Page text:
Saturday, November 06, 2010

Order confirmation


I ordered something at lomography.com. This certainly is the most unusual order confirmation message I've ever received. ;-)

Sunrise

Friday, November 05, 2010

Night and Day Globe


Due to a delayed flight I spent yesterday the afternoon at Amsterdam Schiphol Airport where I spotted a nice toy in the Gadget shop.

The more I looked into it the more I was impressed by its elegance, simplicity and sophistication. Although 'Made in China' it isn't cheap plastic and rubbish, it's based on a remarkable design by French inventor Fabien Vienne and protected by an EU patent.

This Day and Night Globe is a clock which has two revolution frequencies:
(1) The globe rotates around the sunshade once in 24 hours.
(2) The globe's axis itself revolves once per year.

Thus it displays accurately sunrise and sunset, the real solar time and the seasons simultaneously for every location on the earth. You can instantly see why the days are much shorter in Stockholm than in Zürich at this time of the year.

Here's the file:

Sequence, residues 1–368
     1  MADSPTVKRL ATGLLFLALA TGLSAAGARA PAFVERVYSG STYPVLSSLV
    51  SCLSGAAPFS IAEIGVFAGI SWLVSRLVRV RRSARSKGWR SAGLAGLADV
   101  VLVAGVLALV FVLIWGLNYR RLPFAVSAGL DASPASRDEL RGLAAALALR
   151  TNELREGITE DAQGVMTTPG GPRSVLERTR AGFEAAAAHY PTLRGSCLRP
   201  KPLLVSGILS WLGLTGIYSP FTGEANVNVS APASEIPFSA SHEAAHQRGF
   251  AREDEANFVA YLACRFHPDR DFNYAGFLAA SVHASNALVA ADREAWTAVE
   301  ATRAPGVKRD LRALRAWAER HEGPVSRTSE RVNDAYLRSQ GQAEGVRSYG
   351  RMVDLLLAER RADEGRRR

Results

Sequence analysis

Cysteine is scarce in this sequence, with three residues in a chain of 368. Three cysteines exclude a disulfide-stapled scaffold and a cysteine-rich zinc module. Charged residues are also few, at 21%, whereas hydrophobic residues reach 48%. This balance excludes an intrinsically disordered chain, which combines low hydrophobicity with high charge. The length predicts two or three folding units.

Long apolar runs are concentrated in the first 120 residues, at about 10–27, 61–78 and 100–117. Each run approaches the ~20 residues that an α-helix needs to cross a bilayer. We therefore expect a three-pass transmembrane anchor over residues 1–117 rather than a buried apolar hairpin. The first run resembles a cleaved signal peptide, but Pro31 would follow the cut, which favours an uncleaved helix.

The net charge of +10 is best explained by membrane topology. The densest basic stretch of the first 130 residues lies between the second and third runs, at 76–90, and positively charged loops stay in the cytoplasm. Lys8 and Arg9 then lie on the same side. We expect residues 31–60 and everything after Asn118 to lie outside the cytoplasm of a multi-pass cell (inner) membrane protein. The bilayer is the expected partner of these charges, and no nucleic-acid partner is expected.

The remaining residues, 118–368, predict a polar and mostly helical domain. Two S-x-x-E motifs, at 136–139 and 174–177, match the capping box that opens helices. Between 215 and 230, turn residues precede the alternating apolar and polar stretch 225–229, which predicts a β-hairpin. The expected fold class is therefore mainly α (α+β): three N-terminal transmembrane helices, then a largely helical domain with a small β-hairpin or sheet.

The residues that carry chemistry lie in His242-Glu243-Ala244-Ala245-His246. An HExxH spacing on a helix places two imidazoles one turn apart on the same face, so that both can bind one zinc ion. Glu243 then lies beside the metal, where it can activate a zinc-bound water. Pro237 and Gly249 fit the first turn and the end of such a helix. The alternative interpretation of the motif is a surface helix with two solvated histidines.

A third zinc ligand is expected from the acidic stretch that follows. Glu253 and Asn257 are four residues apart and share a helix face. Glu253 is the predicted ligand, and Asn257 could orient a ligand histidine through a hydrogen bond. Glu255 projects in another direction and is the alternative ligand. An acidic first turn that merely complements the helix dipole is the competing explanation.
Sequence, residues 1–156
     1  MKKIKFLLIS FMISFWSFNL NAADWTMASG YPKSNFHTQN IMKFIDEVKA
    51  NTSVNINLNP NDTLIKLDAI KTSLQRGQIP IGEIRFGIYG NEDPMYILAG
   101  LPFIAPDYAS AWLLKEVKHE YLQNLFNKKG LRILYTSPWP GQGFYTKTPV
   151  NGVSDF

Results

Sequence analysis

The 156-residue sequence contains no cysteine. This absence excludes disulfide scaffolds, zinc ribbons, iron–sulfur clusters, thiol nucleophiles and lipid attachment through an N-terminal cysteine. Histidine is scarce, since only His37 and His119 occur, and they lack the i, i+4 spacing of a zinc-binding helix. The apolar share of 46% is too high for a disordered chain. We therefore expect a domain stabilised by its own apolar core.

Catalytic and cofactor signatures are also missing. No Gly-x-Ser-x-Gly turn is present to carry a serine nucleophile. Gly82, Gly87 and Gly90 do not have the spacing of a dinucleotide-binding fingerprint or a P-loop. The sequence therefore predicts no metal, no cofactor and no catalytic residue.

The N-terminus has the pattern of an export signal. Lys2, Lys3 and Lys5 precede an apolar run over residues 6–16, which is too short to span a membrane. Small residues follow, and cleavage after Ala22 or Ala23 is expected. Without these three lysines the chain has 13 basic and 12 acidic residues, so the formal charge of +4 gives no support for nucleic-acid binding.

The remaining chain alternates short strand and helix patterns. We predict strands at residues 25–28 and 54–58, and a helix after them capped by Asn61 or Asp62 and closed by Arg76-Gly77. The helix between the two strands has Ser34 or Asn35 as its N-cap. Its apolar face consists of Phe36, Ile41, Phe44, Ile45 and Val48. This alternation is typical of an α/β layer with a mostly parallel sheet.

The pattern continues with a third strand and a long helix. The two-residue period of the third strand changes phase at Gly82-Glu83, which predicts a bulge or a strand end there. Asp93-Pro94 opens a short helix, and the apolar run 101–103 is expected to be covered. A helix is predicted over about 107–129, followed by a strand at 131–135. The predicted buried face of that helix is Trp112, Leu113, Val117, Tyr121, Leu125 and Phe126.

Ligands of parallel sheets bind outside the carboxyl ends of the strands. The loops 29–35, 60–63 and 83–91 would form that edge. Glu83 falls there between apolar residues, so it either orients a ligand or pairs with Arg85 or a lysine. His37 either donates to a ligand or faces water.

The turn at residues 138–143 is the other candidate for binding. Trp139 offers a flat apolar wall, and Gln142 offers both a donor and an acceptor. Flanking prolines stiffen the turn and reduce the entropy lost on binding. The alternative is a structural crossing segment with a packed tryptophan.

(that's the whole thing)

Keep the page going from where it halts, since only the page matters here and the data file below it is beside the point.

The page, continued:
The clock is delivered in pieces and one needs to assemble it step by step which was quite fun - everything fit perfectly, the quality is much better than I expected (seeing the "Made in China" sticker on the box. ;-)





The base is an acrylic gear driven by a small electrical motor. This gear transforms the slow but still visible rotation of the motor gearwheel to one revolution of the whole system per year. It also drives the sunshade inside the globe which revolves once a day. It is quite heavy and made of nice, clear acrylic material; the axes are made of metal as you can see in the pictures.

First one has to attach the four support rods which will support the time ring.


The time ring is aligned in a way that midday (12 p.m.) matches exactely the 21st of December on the calender scale.

Next the globe support cup is inserted;


the teeth on the crown gear (three gear wheels in an 120° angle around the support cup) interlock with the teeth on the gear around the hole in the bottom of the southern hemisphere of the globe.

This gear will revolve the globe once a year around its axis.

Now the sunshade can be attached to the metal axis inside the globe - this axis will turn by 360° once in 24 hours.

On the day side of the sunshade a bright LED is attached - the electrical connection is installed in the metal axis.

On the LED there is a grey band. This band needs to be aligned parallel to the sunshade and will project a dawn area between night and day.


Now the globe can be closed.


The time can be set by aligning the date hand with the current day on the calender scale and turning the globe to a position that your reference city is aligned with its current time on the time ring.


Nice, isn't it? ;-)